Republic Act (RA) 7160 or the Local Government Code allows local government units, particularly provinces, cities, municipalities and barangays, to have a 40-percent share from all taxes as their Internal Revenue Allotment (IRA) that is part of their sources of income for their budgetary requirements. The IRA of local governments comes from all the classified national taxes collected by the national government, while local governments are also empowered to enact revenue measures to generate added funds for the implementation of priority development projects and enhance the delivery of basic services to their constituents.
However, since the implementation of the Local Government Code over two decades ago, the national government had been short-changing the local governments units (LGUs) because it only based its computations of the 40-percent share of these political subdivisions only on taxes being collected by the Bureau of Internal Revenue (BIR)) and not from all revenue-collecting offices. This results to shortfalls in tax collections thereby rendering the share of local governments incomplete year on year.
Taxes are the lifeblood of government, it being the primary source of resources to fund the operations of the bureaucracy, key programs and projects, and services necessary in improving the state of a province, city, municipality or barangay. Thus, the BIR and other revenue-collecting agencies must be steadfast in collecting taxes due to the government to be plowed back to the people through the implementation of projects in communities and the delivery of basic services, especially health, education and other social services and the need is more urgent in the remote communities.
Local governments realised they had been short-changed the computation of their annual IRAA. Through the Union of Local Authorities of the Philippines (ULAP), an organization of all officials of provinces, cities and municipalities, and other leagues of local chief executives, LGUs are questioning the sincerity of the national government in complying with its mandatory obligations prescribed under the pertinent provisions of existing laws, rules and regulations, especially in computing the respective correct IRA annually.
The group emerged victorious as the Supreme Court (SC) rendered a decision last year that defined the scope of national taxes as including all the taxes being collected not only by the BIR, but also the Bureau of Customs (BOC) and other revenue collecting agencies, in the computation of the annual IRA of local governments. Instead of deferring to the SC ruling, the national government, through the budget department, appealed the decision by filing a motion for reconsideration that seeks to delay the implementation of the new sharing scheme. This means delay in the release of added income to the local governments and more funds for priority projects and enhanced delivery of services to each respective LGU constituent. Based on the data obtained from the Constitutional Commission created by President Rodrigo Duterte to review the possible amendments to the 1987 Constitution and draft the proposed federal charter, the government had only been releasing to the local governments some 16 to 19 percent of the supposed 40 percent annual IRA. This illustrates that local government, through the years, had been seriously short-changed in the distribution of their share from the resources of the government.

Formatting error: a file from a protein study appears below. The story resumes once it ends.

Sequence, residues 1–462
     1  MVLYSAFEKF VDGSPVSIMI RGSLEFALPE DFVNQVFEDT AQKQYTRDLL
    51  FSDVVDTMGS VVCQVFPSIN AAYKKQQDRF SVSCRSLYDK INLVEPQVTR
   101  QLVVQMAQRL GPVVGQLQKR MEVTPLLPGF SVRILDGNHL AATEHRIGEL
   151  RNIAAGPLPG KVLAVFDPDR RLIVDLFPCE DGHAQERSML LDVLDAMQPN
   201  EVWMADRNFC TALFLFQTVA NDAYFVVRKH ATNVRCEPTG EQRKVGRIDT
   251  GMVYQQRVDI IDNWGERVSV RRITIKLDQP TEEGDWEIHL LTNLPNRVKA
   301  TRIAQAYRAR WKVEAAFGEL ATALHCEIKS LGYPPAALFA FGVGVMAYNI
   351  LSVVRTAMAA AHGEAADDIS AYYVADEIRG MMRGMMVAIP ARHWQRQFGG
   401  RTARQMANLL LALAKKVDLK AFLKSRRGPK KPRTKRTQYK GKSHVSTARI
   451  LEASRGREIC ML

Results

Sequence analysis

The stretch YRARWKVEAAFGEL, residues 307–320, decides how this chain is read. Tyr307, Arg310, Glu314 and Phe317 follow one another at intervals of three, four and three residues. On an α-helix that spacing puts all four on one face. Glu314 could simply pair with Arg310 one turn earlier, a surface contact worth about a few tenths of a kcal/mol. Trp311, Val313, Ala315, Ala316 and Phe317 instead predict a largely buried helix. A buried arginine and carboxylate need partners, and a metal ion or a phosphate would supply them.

We support the clamor of local officials for the immediate release of the more than P1.5 trillion debt of the national government to the provinces, cities, municipalities and barangays as the under remittance of their IRA for over two decades now or since the implementation of the Local Government Code. This obvious lapse, if it may be called that, is a deep injustice to the spirit of the Local Government Code. It behooves the budget department to rectify this immediately instead of blocking attempts for the rectification of such an injustice. The DBM is an arm of the government that looks at the equitable distribution of government resources at all levels for national development and not to arrogate as much resources to the national government. The motion for reconsideration filed by the DBM questioning the SC ruling that clearly defined the scope of national taxes simply adds insult to injury. Local governments already agreed to the proposal of the country’s finance officers that the over P1.5 trillion accumulated debt of the national government for the under remittance of the IRA will be equitably distributed over a period of time but the budget department instead ignored the agreement and this caught the ire of local officials nationwide.
The question that continues to linger in the minds of ordinary citizens is why does the national government continue to deprive the local governments with added resources to achieve comprehensive national development goals especially now that the government has commitments to the achievement of the 17 Sustainable Development Goals by 2030?
The least the national government can do is to give what is legally due to local governments as local officials know best their backyard This is one of the reasons why the Cordillera should be granted autonomous status at the end of the day.